Gas–particle partitioning of semivolatile organic compounds (SVOCs) is a critical process involved in the formation and evolution of atmospheric organic aerosols (OA). Traditionally, gas–particle equilibrium partitioning of organic substances is assumed to be established instantaneously (Zhang and Seinfeld, 2013); this assumption is in question if particles are semi-solid or glassy (Shiraiwa et al., 2013). Most studies to date addressing the kinetic limitations in partitioning have used indirect and/or theoretical methods that lack chemical and molecular specificity (Mai et al., 2015; Shiraiwa and Seinfeld, 2012). Direct measurements of gas–particle partitioning of SVOCs are needed in order to develop accurate parameterizations for the organic aerosol formation in climate models.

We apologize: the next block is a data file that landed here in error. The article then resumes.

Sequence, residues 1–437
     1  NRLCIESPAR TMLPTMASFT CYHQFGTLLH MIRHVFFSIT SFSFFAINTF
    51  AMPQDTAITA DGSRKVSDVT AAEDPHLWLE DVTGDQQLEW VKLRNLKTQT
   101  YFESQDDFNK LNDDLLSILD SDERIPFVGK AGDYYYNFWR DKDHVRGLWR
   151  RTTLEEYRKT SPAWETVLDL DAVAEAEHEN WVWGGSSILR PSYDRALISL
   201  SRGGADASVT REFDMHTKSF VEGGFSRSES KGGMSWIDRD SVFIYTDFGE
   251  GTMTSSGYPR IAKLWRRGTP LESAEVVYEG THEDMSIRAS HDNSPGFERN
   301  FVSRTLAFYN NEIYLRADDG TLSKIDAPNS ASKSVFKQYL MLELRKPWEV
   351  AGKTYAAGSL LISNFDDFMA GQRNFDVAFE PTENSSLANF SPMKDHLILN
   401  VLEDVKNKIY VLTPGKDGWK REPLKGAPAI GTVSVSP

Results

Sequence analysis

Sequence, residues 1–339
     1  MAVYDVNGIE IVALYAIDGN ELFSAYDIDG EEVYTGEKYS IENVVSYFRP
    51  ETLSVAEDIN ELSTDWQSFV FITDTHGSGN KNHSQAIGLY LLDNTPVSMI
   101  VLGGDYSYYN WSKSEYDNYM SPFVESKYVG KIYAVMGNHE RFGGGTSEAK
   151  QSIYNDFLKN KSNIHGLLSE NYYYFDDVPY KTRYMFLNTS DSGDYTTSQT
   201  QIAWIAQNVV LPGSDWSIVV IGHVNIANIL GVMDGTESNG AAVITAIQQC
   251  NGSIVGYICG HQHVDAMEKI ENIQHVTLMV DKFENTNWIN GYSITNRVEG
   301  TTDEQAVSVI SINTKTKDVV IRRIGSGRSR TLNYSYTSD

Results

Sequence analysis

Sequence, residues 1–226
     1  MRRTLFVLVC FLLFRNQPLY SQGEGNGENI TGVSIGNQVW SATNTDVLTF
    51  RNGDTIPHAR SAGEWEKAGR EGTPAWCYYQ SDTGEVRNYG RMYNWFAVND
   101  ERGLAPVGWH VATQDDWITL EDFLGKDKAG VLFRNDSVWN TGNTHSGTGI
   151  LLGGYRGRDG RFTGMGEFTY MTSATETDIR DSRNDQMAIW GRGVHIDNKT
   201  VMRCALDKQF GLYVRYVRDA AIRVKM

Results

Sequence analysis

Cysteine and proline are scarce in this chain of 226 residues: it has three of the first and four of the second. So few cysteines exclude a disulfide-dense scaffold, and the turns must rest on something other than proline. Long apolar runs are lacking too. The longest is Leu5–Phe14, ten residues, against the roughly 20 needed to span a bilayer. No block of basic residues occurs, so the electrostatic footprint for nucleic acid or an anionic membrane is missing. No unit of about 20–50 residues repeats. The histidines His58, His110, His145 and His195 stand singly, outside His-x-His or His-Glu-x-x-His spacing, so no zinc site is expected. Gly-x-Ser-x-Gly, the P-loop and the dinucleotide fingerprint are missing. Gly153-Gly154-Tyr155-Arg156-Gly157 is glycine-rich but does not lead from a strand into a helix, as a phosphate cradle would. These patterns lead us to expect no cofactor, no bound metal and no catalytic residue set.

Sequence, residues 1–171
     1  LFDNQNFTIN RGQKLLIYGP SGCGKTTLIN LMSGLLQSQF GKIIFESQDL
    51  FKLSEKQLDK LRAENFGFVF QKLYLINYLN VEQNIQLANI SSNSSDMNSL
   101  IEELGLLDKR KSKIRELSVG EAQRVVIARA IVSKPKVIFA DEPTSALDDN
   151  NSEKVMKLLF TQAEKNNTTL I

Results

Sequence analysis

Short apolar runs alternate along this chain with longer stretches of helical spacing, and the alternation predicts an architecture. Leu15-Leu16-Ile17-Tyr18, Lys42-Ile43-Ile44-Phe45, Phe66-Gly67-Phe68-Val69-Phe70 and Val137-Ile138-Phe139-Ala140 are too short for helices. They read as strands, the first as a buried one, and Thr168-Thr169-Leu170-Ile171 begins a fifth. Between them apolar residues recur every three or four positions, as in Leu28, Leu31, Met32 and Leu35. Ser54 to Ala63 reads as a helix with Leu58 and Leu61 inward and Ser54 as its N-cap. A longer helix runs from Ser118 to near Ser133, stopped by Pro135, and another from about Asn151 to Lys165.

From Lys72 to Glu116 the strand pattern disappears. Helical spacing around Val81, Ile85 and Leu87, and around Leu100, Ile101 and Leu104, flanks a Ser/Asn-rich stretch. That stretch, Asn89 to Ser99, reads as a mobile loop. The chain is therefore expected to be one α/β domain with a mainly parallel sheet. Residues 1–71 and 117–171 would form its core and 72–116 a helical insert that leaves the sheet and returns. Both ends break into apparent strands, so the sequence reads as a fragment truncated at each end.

The major challenge in the characterization of gas–particle partitioning of SVOCs lies in the real-time measurement of labile compounds while maintaining their intact molecular structures with minimal fragmentation (Zhang et al., 2016a, b, 2019). In recent years, soft ionization techniques coupled to mass spectrometry have been widely used for the measurement of gas-phase SVOCs at the molecular level (Veres et al., 2008; Crounse et al., 2006; Heald and Kroll, 2020). Combined with thermal desorption methods, these techniques have also been deployed to measure organic compounds in both gas and particle phases nearly simultaneously (Krechmer et al., 2016). A notable example would be the use of the Filter Inlet for Gases and AEROsols coupled with a chemical-ionization mass spectrometer (FIGAERO-CIMS) to quantify the gas–particle partitioning of a broad range of organic compounds in real time (Lopez-Hilfiker et al., 2014; Ye et al., 2021; Voliotis et al., 2021; Wang et al., 2020a; Lutz et al., 2019; Lee et al., 2018; Le Breton et al., 2018; Stark et al., 2017; Lopez-Hilfiker et al., 2016, 2015; Palm et al., 2020). A number of studies among those have reached a consensus that the thermogram method, i.e., using the calibrated thermal desorption profiles vs. temperature to derive the volatility, likely provides the best estimates of the actual phase distribution. In contrast, using the directly measured gas- and particle-phase fractions of a given analyte will most likely introduce a significant positive or negative bias to the volatility estimation due to the thermal decomposition of labile organic compounds during the desorption process (Lopez-Hilfiker et al., 2015; Stark et al., 2017). Such thermal decomposition (or ion fragmentation) artifacts, either positive or negative depending on the molecular size, have been suggested to constitute the largest uncertainties in the estimation of phase partitioning behaviors of SVOCs using the thermal desorption method at ambient pressure (Thompson et al., 2016).